In preliminary trials, wheat populations that were selected by ecological growers in the Prairies as part of a participatory plant breeding (PPB) program with the University of Manitoba and The Bauta Family Initiative on Canadian Seed Security showed that farmer selections under organic conditions can outperform conventional varieties and often have traits desired by organic growers such as longer straw length, which is desirable due to straw’s many uses on organic farms.  


PPB wheat trials in Brandon, Manitoba, 2021.

PPB wheat trials in Brandon, Manitoba, 2021. (Photo by Tierra Stokes)


If these results are possible with PPB wheat, what might the possibilities be for other crops? Could farmers breed a watermelon that ripens early enough for Northern Ontario market farmers? What about high performing organic dry beans for Ontario’s climate? There is no shortage of crop priorities for farmer-breeders to consider.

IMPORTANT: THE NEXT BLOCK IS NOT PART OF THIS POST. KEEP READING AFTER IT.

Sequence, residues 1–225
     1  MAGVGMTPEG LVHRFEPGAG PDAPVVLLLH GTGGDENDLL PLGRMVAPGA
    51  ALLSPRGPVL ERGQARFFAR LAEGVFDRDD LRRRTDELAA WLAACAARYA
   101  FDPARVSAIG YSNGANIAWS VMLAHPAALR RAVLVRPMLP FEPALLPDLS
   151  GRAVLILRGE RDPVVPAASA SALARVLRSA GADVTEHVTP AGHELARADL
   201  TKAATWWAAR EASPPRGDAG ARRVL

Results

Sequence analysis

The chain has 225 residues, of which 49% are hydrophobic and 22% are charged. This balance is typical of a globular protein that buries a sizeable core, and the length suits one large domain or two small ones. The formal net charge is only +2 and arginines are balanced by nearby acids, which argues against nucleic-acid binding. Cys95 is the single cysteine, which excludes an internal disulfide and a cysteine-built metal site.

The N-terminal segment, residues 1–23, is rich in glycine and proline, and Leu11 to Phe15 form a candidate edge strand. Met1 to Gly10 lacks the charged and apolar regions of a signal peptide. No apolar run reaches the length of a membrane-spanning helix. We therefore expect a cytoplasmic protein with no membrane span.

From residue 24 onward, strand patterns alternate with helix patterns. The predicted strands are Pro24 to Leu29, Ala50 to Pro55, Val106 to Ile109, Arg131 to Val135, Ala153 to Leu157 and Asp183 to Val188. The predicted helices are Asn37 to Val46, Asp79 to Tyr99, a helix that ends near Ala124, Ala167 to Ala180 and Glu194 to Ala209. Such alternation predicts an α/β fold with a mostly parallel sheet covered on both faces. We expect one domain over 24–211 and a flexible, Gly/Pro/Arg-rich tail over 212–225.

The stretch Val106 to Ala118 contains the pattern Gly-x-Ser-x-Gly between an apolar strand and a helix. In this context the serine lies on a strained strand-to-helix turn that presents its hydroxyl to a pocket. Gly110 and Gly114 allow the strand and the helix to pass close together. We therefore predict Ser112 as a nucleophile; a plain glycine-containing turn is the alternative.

In order to produce local, regionally adapted crops, we need to have genetic diversity to select from. Globally, however, we’ve lost 75% of agricultural biodiversity in the last century. As growers, we may find that varieties we have loved and relied on may no longer be available for purchase or are not available organically.